Monthly Archives: January 2010
It’s quite clear that most people like me know nothing about leadership, trust building, or long term national development. Only recently have I realized my views on democracy are terribly naive. Until now I always thought that you just choose the best man or woman for the job from the 220 million people that populate this archipelago, then he or she gets on with managing the country. Now I know it’s really about holding on to that office for dear life. And for some befuddled reason I had this idea that democracy had more to do with the ethic of caring for the greater good of the people, whereas it’s really simply just a system for getting into that office.
It’s a bit embarrassing to admit, but as far as politics go, I just listen to what everyone else is talking about and assume that that must be the most important issue of the day. For example, in the last few months we have had hours of TV coverage on what I thought was a major corruption scandal, which is all tangled up with a high profile murder case involving someone who should be above corruption, and a major bailout (involving a minor bank) which for some reason is only being questioned now (and not before it happened).
All of this supposedly goes back to the previous administration; but some of the people from that time have come up to the microphone and told their story and explained how they aren’t responsible. I’m so out of the loop that I didn’t know that once you are out of office you aren’t responsible for what was part of your job back when you were. Boy do I have to brush up. What you do is lynch people who are in office now for what happened then because they are here now. I know it sounds complicated, but apparently philosophically it makes sense.
You see, I found out this is all happening now not because it really did happen then, but because some bad people don’t like the President (then and) now. It turns out that even the Jakarta hotel bombers just wanted to hurt the President personally (he said so himself), and plain mistook the hotel for the palace.
Now that I have understood this reality, my trust in the leadership is fully restored. When the President says nothing, I’ve come to learn it means he is saying something he really means because he is not saying anything at all. And when he does actually say something, not only does he also mean it, but it is the core of the matter, the most relevant of the moment. That’s what leadership is all about. We citizens should know exactly when to take something on, um, face value.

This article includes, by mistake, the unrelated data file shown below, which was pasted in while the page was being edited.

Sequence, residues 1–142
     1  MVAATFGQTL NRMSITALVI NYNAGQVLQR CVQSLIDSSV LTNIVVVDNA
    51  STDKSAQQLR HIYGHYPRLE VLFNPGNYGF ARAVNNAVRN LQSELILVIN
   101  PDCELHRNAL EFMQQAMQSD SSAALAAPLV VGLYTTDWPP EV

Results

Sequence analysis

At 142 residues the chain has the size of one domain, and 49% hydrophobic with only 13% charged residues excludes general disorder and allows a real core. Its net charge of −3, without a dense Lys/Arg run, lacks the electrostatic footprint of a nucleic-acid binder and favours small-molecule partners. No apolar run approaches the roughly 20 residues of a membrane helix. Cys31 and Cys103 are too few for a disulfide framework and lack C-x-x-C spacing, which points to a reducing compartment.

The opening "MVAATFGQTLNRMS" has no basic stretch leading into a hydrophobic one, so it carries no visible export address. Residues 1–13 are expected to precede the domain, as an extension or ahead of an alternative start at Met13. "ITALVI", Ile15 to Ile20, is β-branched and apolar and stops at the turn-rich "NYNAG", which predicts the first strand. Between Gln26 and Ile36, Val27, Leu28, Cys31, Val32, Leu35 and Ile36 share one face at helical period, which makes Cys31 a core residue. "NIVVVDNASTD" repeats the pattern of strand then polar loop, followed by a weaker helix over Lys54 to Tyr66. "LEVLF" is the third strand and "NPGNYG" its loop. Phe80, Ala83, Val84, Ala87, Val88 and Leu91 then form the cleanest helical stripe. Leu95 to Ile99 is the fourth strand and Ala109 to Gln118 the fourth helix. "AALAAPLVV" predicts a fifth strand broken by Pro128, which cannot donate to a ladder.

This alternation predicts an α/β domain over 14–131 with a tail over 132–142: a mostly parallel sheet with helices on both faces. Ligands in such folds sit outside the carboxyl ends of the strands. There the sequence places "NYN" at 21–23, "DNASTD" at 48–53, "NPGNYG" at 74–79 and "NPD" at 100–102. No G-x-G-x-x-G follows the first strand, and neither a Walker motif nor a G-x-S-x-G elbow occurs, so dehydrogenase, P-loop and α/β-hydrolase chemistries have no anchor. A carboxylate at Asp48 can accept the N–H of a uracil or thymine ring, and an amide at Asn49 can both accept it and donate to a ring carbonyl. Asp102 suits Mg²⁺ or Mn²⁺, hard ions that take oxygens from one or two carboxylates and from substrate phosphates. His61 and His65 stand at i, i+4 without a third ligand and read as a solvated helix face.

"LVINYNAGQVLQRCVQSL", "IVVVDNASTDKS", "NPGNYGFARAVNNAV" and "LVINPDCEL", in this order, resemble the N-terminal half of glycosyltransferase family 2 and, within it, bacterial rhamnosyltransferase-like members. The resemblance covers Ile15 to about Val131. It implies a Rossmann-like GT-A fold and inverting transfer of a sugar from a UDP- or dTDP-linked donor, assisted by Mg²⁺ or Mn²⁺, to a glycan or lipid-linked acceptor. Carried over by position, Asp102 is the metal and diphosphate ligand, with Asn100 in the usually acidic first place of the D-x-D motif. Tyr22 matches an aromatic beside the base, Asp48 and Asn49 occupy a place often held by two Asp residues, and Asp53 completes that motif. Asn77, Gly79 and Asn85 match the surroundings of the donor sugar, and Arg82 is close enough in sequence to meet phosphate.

So, when on Tuesday the President vowed publicly (well, on a train full of press people) to restore vitality to Indonesia’s football, I realized how important this was. What a fool I was, focusing on trying to get to the bottom of all these made up corruption stories, when what we really need to do is win the World Cup (or at least the Asian bit of it). That’ll fix everything, and we will finally be a developed nation.
from the Jakarta Globe, Friday 22/01/2010
Everyone loves Conde Nast Traveler when it’s on your side, and players in the tourism industry hold their breath when it comes time for “Best of” lists to be published. Never mind whether you like them or loathe them, Conde Nast publications rule the fashionista horizon – the Lords of the Bling.
But that doesn’t mean that their pronouncements can’t be erratic. Some whisper “bought”, but by who?
My opinion tends to lean more towards the theory that they simply follow what they think are promising trends and try not to get caught with their designer pants down. The Traveler’s ‘best of’ list is, so it goes, voted on by readers.
Please don’t get me wrong – Conde Nast has been kind to Bali, supportive of the island’s struggle to get back on its feet after crippling terrorist attacks in this last decade.
But its latest rating has left me a bit bemused. The majority of 25,000 of its readers apparently felt that Ubud is the ‘Best City in Asia’.
As a long term resident of Ubud I’ll have to admit to a certain twinge of pride (gimme a break, its been my home for more than three and a half decades).
But the wet blanket in me went: “What the flip?”
Have I been asleep, snoring away the years like Rip van Winkle, only to wake up and find out that Ubud is not the village I arrived in during the early ’70s, complete with no electricity and dirt roads?
Quite the contrary, for the last decade I have been calling Ubud a town, despite some starry-eyed expats trying to tell me it’s a village.
There are traffic jams, and shops everywhere. But city it is not. As a matter of fact, despite it being the ‘capital’ of this kecamatan, or administrative district, it has yet to even be officially recognized as a town, let alone a city! Ubud is still called a kelurahan , or administrative village.
Yes it has a center – one major crossroad, the epicenter of our very own traffic jams (except between 9 p.m. and 6 a.m. on good days).
Outlets we have plenty of, complete with Polo, Calvin Klein – if you can fake it, we got it. Its restaurants rival Seminyak’s. And we have one soccer field, which doubles as an all-purpose public space cum parking lot cum kiddies mud bath.
There’s also a lot of culture going on, you can buy tickets to much of it.
But despite all the Disney-esque features, great nosh and the litter, it’s a far cry from a city.
Having been left slightly taken aback by a short-lived local poster campaign that tried to sell Ubud as the ‘Cultural Capital of the World’ (take that NYC, London, Paris, Prague, Berlin and what have you – I bet you don’t have trance dances every Wednesday), I can only imagine the confusion that lies ahead.
All those years we have been trying to sell the place on its charms as the ‘village of the artists’, now we have to jump to ‘thrilling city’? Oh dear. I’m gonna have a nap again, and perhaps when I wake up Ubud will be a country.
Rio Helmi is a photographer based in Ubud, Bali.